If you took the blue pill, just know that Tabula is now one of those “high-end FPGA” suppliers. You can add them to the list along with Xilinx, Altera, and (most recently) Achronix. All of these companies make programmable parts that could tackle your 100G (and other similar) design challenges. All of them have robust tool flows, capable silicon, and cutting-edge designs. If you just stop here and view Tabula in that lineup, they’ll probably fare quite well – depending on your design goals.
But the story goes much deeper than that.
We’ve talked about Tabula many times before. When their innovative “Spacetime” architecture was first disclosed, when they shipped their first parts, when they rolled out their tool suite, and, most recently, when they cut a deal with Intel to fabricate the latest version of their parts with Intel’s 22nm Tri-Gate (FinFET) technology.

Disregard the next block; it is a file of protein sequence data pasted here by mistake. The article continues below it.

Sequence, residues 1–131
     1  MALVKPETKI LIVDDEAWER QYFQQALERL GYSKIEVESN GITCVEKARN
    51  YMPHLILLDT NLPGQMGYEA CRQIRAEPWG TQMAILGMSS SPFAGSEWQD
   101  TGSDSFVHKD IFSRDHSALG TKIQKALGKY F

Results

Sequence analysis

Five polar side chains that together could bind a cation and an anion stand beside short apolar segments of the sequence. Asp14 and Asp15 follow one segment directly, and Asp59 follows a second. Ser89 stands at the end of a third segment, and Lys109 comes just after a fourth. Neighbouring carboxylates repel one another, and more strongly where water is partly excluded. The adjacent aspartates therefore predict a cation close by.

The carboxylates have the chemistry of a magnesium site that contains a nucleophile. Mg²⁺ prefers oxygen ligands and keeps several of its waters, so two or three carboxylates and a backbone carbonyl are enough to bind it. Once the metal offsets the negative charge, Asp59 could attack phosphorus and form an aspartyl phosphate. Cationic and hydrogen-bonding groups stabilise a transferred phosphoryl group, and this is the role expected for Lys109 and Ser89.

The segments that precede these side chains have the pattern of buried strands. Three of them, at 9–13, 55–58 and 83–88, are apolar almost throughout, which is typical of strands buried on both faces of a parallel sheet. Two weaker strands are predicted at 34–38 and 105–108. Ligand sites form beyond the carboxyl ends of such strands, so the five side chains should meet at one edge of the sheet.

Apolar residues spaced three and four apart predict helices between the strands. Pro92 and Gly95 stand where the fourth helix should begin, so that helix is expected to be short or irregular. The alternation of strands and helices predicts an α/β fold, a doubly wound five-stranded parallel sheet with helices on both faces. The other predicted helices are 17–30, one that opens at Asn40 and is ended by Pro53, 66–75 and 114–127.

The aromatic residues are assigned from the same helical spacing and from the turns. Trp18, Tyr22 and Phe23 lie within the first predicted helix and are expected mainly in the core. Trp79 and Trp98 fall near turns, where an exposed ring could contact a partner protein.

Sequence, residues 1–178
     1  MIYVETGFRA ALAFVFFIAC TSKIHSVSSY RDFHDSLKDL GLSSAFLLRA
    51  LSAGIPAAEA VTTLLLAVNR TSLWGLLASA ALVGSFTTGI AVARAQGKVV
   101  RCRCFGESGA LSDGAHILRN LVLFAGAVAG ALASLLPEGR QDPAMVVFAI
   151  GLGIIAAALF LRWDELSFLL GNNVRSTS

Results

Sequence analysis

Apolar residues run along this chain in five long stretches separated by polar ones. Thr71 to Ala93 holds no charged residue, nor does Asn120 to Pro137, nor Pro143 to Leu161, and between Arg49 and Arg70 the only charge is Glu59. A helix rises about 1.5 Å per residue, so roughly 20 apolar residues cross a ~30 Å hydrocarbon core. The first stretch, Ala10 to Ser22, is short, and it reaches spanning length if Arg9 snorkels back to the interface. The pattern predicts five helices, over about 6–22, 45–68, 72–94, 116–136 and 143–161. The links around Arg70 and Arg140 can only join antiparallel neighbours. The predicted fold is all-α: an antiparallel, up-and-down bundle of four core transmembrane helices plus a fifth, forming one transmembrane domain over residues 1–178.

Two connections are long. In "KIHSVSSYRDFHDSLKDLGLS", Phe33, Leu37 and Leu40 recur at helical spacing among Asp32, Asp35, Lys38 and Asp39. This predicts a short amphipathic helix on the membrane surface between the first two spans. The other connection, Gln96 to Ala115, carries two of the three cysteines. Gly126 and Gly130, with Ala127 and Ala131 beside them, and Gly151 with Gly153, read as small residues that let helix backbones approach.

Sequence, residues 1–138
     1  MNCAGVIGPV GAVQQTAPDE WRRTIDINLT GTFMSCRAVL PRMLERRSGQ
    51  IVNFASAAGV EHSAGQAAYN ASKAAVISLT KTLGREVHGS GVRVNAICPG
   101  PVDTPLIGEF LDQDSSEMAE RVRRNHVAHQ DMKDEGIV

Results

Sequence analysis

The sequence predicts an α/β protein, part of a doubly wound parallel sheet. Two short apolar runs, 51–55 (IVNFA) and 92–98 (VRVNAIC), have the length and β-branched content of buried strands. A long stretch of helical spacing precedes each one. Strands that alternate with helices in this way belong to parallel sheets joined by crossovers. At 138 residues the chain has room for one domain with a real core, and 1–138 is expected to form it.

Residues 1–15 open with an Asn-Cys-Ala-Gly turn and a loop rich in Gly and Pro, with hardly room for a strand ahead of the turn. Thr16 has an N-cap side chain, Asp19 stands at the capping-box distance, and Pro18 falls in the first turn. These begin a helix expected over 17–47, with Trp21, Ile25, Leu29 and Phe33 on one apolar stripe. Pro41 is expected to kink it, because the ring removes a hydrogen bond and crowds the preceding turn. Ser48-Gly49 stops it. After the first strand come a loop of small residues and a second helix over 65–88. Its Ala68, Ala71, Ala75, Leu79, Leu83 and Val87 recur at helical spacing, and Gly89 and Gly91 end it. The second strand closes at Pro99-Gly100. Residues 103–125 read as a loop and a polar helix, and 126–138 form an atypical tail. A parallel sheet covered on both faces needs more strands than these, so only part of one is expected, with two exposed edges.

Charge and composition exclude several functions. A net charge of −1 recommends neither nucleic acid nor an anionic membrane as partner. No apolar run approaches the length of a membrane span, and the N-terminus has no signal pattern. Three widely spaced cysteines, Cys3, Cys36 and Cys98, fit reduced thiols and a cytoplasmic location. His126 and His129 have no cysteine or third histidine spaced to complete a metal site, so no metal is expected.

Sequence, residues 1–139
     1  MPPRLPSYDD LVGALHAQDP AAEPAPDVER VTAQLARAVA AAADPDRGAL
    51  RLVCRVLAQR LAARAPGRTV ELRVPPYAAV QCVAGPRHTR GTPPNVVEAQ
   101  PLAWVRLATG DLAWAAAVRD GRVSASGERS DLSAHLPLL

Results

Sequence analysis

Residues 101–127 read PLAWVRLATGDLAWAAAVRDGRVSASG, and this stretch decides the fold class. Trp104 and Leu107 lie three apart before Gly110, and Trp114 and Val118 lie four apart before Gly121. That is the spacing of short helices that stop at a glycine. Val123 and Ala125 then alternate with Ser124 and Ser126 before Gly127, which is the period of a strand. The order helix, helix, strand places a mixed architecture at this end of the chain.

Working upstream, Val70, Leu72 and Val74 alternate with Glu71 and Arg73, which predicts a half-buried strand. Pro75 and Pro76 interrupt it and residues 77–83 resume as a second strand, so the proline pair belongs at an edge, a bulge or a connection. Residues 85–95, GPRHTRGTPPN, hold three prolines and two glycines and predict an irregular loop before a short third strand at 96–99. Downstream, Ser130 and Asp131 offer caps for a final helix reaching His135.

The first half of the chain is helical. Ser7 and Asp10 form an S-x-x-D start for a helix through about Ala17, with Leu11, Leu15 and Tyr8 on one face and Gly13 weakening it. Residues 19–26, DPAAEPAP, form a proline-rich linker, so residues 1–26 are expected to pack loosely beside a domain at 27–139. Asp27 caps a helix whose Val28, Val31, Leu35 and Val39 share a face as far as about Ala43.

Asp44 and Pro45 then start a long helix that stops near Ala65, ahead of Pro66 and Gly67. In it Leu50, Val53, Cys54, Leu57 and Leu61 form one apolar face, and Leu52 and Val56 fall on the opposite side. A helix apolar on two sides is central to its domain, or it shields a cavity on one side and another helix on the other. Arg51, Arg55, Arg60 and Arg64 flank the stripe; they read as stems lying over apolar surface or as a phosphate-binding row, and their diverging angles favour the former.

Now, they’re selling those Intel-made parts, along with some robust reference designs and tools, and the combination of process advantage and the innovative architecture produces a solution that is quite compelling. How compelling? Well, if you’re working on the aforementioned 100G infrastructure (or, as we said, “similar design challenges”), Tabula claims they can, for example, put four 100G streams on a single chip, create a search engine capable of supporting 100G packet traffic, or make a 12x10G-to-100G bridge. Have you tried any of those tricks with your average FPGA? Tabula includes all three of these designs in their reference design suite.
That’s pretty bad-ass, and you could stop reading right there – confident that these devices are worth checking out for your next project.